From Havamal, the Words of Odin, the High One
Less good than belief would have it
Is mead for the sons of men:
A man knows less the more he drinks,
Becomes a befuddled fool
When he meets friends, the fool gapes,
Is shy and sheepish at first,
Then he sips his mead and immediately
All know what an oaf he is.
Drink your mead, but in moderation,
Talk sense or be silent:
No man is called discourteous who goes
To bed at an early hour.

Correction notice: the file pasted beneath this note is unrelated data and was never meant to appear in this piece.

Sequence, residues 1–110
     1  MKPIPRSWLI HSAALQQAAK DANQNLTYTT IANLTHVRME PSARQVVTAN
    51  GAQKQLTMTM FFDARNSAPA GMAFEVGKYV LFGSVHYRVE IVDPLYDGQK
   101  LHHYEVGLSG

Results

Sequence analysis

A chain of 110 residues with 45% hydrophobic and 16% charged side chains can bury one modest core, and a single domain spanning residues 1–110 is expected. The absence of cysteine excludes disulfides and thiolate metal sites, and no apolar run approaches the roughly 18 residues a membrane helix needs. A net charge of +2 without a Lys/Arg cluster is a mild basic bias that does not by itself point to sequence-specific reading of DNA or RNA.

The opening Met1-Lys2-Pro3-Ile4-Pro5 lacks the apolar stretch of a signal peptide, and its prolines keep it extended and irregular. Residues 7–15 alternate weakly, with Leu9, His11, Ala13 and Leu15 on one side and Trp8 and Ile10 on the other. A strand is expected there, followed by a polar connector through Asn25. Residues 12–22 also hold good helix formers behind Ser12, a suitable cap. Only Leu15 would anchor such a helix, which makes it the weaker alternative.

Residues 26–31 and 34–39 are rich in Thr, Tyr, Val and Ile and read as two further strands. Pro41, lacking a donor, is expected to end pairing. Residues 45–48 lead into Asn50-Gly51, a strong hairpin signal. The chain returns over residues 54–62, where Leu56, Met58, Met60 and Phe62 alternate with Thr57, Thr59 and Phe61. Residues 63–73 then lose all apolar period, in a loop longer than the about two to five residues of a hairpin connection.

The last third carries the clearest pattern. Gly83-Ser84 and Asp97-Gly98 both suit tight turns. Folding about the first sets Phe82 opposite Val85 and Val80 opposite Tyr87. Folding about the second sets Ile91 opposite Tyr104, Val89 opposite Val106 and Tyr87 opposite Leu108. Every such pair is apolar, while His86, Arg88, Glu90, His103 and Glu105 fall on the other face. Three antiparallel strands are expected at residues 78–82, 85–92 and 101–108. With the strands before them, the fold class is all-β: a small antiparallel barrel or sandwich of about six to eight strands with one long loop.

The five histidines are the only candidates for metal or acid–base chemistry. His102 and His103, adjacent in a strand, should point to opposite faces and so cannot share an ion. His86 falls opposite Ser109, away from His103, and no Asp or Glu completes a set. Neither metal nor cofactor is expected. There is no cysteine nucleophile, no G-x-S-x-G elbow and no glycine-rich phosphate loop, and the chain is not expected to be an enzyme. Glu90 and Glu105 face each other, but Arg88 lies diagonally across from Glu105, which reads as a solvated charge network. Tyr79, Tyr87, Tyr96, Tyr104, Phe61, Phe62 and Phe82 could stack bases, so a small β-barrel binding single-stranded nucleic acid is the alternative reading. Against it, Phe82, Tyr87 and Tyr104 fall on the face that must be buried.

Picture: Odin, chased by Suttungr, spits the mead into several vessels
Hávamál: (Sayings of the high one) is presented as a single poem in a collection of Old Norse poems from the Viking age. The poem, itself a combination of different poems presents advice for living, proper conduct and wisdom. The verses are attributed to Odin much like the biblical Book of Wisdom is attributed to Solomon.
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